interests; (11) in addition to paying assessed contributions for U.N.
peacekeeping operations, the United States often provides additional
support to U.N.-sanctioned missions for which it is not reimbursed; (12)
the United Nations has undertaken management reforms to improve the
operational effectiveness and efficiency of its peacekeeping missions; *

--------------------------- Indexing Terms -----------------------------

 REPORTNUM:  T-NSIAD-97-139
     TITLE:  U.N. Peacekeeping: Issues Related to Effectiveness, Cost, 
             and Reform
      DATE:  04/09/97
   SUBJECT:  International organizations
             United Nations military forces
             Military intervention
             International cooperation
             International relations
             Military operations
             Foreign military assistance
             Foreign governments
             Foreign policies
             Cost effectiveness analysis
IDENTIFIER:  Namibia
             Central America
             Bosnia
             Somalia
             Rwanda
             Haiti
             Eastern Slavonia
             India
             Pakistan
             Cyprus
             Angola
             Iraq
             Kuwait
             Western Sahara
             Lebanon
             Yugoslavia
             Congo
             Golan Heights (Syria)
             Middle East
             Kashmir
             Cambodia
             
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Cover
================================================================ COVER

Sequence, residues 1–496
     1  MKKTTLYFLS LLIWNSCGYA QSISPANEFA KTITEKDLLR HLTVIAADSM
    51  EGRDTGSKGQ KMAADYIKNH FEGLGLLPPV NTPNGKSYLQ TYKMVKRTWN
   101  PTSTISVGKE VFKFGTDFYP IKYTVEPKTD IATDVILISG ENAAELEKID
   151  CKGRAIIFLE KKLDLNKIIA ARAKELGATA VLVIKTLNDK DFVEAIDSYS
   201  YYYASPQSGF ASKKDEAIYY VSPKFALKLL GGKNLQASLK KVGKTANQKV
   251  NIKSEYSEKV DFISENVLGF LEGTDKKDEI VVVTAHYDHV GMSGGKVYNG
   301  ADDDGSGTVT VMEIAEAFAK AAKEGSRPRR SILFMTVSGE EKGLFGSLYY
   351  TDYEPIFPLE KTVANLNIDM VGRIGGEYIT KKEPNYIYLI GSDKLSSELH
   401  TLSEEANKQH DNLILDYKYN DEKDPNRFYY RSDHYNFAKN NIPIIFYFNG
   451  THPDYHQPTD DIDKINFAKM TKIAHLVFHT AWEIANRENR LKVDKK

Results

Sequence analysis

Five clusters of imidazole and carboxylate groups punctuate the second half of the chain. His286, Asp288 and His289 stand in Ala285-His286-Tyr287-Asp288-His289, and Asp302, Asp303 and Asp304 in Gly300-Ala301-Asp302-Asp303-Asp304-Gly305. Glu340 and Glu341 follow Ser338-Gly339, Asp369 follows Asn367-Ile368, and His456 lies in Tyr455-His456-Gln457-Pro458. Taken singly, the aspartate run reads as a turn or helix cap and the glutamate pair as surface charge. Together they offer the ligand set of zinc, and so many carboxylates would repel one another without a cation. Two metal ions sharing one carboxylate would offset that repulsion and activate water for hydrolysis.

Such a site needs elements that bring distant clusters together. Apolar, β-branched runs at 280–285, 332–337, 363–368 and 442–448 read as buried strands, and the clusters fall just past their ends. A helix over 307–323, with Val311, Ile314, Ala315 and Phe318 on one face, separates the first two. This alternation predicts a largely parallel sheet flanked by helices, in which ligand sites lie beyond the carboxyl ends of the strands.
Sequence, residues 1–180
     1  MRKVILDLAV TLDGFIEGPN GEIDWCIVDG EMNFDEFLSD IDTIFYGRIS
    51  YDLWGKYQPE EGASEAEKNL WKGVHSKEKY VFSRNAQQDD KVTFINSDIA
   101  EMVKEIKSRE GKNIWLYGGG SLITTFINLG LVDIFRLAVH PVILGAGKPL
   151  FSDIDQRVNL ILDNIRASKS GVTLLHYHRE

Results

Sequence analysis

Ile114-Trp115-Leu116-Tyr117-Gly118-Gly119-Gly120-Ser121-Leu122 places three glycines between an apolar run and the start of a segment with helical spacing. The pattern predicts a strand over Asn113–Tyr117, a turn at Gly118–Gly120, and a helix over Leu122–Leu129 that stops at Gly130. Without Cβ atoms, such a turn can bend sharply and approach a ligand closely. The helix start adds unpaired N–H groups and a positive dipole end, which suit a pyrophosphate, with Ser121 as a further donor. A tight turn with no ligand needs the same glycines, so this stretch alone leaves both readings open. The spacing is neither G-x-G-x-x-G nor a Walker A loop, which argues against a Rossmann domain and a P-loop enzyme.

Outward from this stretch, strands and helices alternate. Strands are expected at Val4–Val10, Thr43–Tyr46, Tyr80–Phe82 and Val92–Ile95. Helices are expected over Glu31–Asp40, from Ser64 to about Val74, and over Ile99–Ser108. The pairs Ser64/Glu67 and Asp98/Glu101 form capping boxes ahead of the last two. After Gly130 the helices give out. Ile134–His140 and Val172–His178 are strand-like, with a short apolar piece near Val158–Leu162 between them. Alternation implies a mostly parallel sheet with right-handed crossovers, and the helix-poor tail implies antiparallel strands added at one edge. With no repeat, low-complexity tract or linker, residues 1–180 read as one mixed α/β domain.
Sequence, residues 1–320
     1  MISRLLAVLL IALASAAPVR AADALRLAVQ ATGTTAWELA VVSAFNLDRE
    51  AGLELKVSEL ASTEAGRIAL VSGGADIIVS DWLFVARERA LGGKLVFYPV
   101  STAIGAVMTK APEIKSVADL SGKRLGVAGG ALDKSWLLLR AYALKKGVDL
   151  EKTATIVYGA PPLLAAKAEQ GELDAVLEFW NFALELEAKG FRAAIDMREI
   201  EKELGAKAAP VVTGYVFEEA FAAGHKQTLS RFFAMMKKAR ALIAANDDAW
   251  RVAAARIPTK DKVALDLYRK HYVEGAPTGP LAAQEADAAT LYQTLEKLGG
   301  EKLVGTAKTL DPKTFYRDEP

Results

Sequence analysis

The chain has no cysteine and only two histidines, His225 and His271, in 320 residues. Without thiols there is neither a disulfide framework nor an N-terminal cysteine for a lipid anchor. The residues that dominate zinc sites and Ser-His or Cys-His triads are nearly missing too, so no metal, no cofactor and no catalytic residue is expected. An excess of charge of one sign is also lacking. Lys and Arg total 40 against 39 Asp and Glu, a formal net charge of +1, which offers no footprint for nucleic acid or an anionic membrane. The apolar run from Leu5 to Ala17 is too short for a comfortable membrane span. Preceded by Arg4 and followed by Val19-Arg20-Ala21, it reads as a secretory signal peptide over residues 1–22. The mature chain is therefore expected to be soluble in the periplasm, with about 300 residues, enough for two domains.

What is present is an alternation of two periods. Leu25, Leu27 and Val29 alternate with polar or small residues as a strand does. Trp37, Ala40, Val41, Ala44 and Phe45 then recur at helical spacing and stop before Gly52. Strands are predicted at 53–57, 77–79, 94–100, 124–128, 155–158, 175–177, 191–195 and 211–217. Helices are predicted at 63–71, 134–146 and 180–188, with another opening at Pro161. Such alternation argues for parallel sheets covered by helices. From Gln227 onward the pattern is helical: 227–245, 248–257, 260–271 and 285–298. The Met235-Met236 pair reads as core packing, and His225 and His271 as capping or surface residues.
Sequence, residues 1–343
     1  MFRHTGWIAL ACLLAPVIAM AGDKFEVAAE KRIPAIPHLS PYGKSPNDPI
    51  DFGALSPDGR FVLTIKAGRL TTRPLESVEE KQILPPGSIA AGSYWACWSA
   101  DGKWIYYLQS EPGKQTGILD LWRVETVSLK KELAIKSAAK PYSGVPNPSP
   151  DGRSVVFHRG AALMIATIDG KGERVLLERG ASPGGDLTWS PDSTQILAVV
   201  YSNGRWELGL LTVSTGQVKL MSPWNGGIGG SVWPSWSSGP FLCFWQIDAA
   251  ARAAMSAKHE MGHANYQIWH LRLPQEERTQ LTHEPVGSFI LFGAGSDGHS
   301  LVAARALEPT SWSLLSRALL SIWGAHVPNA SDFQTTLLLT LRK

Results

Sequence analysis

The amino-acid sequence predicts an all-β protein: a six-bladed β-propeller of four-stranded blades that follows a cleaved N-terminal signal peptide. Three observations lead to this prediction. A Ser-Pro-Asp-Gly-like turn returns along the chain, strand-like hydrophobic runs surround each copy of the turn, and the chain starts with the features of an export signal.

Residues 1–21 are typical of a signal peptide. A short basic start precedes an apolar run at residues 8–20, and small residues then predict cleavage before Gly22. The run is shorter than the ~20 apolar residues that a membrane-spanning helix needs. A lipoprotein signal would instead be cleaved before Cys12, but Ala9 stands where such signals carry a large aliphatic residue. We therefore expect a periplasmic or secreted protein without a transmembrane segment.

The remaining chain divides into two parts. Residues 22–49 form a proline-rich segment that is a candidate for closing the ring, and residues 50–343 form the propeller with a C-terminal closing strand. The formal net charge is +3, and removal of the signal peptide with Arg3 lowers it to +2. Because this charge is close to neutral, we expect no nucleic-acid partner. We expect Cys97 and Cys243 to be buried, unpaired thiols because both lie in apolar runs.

Before the Committee on International Relations,
House of Representatives

For Release on Delivery
Expected at
10:00 a.m., EDT
Wednesday,
April 9, 1997

U.N.  PEACEKEEPING - ISSUES
RELATED TO EFFECTIVENESS, COST,
AND REFORM

Statement of Harold J.  Johnson, Associate Director,
International Relations and Trade Issues,
National Security and International Affairs Division

GAO/T-NSIAD-97-139

GAO/NSIAD-97-139T


(711264)


Abbreviations
=============================================================== ABBREV


============================================================ Chapter 0

Mr.  Chairman and Members of the Committee: 

I am pleased to be here today to discuss the results of the body of
work we have completed on issues concerning the effectiveness and
cost of U.N.  peacekeeping.\1

Specifically, my statement will address four key issues:  (1) the
U.N.'s limitations in conducting peace operations that require the
use of force, (2) long-standing peacekeeping missions that are from 6
to nearly 50 years old, (3) the extent to which the United States has
provided voluntary support to U.N.-sanctioned peace operations, and
(4) the U.N.'s efforts to reform the management of peacekeeping
operations.